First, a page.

|Born||April 10, 1934|
New York City, U.S.
|Died||April 23, 2007 (aged 73)|
Menlo Park, California, U.S.
|Occupation||Journalist, historian, writer|
|Education||A.B., Harvard College|
(m. 1965; div. 1977)
Jean Sandness Butler
|Relatives||Michael J. Halberstam (brother)|
David Halberstam (April 10, 1934 – April 23, 2007) was an American writer, journalist, and historian, known for his work on the Vietnam War, politics, history, the Civil Rights Movement, business, media, American culture, and later, sports journalism. He won a Pulitzer Prize for International Reporting in 1964. Halberstam was killed in a car crash in 2007, while doing research for a book.
Halberstam was born in New York City, the son of Blanche (Levy) and Charles A. Halberstam, schoolteacher and Army surgeon. His family was Jewish. He was raised in Winsted, Connecticut, where he was a classmate of Ralph Nader. He moved to Yonkers, New York, and graduated from Roosevelt High School in 1951. In 1955 he graduated from Harvard College with an A.B. degree after serving as managing editor of The Harvard Crimson. Halberstam had a rebellious streak and as editor of the Harvard Crimson engaged in a competition to see which columnist could most offend readers.
Halberstam's journalism career began at the Daily Times Leader in West Point, Mississippi, the smallest daily newspaper in Mississippi. He covered the beginnings of the Civil Rights Movement for The Tennessean in Nashville. John Lewis later stated that Halberstam was the only journalist in Nashville who would cover the Nashville sit-ins, organized by the Nashville Student Movement which Halberstam focused on in his 1998 book The Children. Halberstam's fiery, rebellious streak first came out when covering the civil rights movement as he protested against the lies of the authorities who portrayed the civil rights protesters as violent and dangerous.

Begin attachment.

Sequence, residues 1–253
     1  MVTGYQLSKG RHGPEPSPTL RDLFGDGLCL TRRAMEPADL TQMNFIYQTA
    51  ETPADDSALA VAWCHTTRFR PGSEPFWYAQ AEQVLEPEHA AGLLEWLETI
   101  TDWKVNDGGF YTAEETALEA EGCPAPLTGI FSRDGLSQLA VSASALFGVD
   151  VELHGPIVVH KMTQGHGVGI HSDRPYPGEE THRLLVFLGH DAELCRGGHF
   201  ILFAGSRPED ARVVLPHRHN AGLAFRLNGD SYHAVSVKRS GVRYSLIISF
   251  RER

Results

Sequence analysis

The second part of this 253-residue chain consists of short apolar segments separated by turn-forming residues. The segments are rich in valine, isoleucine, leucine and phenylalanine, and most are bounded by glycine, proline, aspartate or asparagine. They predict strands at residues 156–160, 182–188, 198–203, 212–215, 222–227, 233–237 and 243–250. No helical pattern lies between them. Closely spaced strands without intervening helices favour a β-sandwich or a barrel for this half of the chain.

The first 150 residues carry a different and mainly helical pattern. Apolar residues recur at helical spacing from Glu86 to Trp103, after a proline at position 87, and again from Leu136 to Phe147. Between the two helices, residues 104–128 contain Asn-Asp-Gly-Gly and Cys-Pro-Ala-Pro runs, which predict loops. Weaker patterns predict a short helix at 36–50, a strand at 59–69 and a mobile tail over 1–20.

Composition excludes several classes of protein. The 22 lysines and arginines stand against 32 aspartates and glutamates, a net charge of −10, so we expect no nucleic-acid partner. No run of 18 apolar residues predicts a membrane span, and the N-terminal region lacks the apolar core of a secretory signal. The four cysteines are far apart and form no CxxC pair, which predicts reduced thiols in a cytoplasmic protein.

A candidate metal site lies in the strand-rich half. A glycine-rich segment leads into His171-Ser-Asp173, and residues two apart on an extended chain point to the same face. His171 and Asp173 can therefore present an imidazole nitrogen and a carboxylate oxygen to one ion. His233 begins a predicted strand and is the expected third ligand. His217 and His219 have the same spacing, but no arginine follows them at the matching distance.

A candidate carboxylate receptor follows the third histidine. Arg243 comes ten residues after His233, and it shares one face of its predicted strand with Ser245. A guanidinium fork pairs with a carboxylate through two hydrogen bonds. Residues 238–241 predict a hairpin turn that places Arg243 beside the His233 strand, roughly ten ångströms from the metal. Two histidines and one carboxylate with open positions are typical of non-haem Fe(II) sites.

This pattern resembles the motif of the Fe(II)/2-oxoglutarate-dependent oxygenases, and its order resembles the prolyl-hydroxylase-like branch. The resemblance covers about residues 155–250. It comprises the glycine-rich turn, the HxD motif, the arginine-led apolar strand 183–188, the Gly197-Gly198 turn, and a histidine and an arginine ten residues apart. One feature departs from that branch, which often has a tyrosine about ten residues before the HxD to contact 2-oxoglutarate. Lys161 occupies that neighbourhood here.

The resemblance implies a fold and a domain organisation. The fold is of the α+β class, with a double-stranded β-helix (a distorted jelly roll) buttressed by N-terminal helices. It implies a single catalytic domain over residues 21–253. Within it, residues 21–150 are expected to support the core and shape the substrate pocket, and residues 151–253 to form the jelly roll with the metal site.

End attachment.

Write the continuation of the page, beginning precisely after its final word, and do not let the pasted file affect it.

In August 1961 The New York Times dispatched Halberstam to the Republic of the Congo to report on the Congo Crisis. Although initially eager to cover the events in the country, over time he grew jaded over the demanding working conditions and the difficulty in handling Congolese officials' lack of truthfulness. In July 1962 he quickly accepted an opportunity to move to Vietnam to report on the Vietnam War for The New York Times.
Halberstam arrived in Vietnam in the middle of 1962. A tall and well built man, he conveyed much self-confidence and initially the American embassy approved of him. However, Halberstam was prone to fits of rage when faced with lies and soon came into conflict with American officials. When the chief American officer in South Vietnam, General Paul D. Harkins, launched an operation with 45 helicopters flown by American pilots landing a battalion of South Vietnamese infantry to attack a Viet Cong base while excluding the media, Halberstam flew into a rage when he was told to report the operation as a victory. In a letter addressed to Frederick Nolting, the American ambassador to South Vietnam, Halberstam wrote about the reasons for the media blackout: "The reason given is security. This is, of course, stupid, naive and indeed insulting to the patriotism and intelligence of every American newspaperman, and every American newspaper represented here." Halberstam argued that the operation could not have been the victory that Harkins had claimed as the Viet Cong must have heard the helicopters coming and accordingly retreated as guerrillas normally do when faced with superior force, leading him to write: "You can bet the V.C. knew what was happening. You can bet Hanoi knew what was happening. Only American reporters and American readers were kept ignorant."
With the help of military sources like John Paul Vann, an active duty officer in MACV, Halberstam, along with colleagues Neil Sheehan of UPI and Malcolm Brown of the AP, challenged the upbeat reporting of the United States mission in South Vietnam. They reported the defeat of government troops at the first major battle of the Vietnam War known as the Battle of Ap Bac. President John F. Kennedy tried to get the New York Times to replace Halberstam with a more compliant journalist. The Times refused. Like a few other US journalists covering Vietnam, he considered information from LIFE magazine reporter Phạm Xuân Ẩn, who was later revealed to be an intelligence agent for the National Liberation Front for South Vietnam.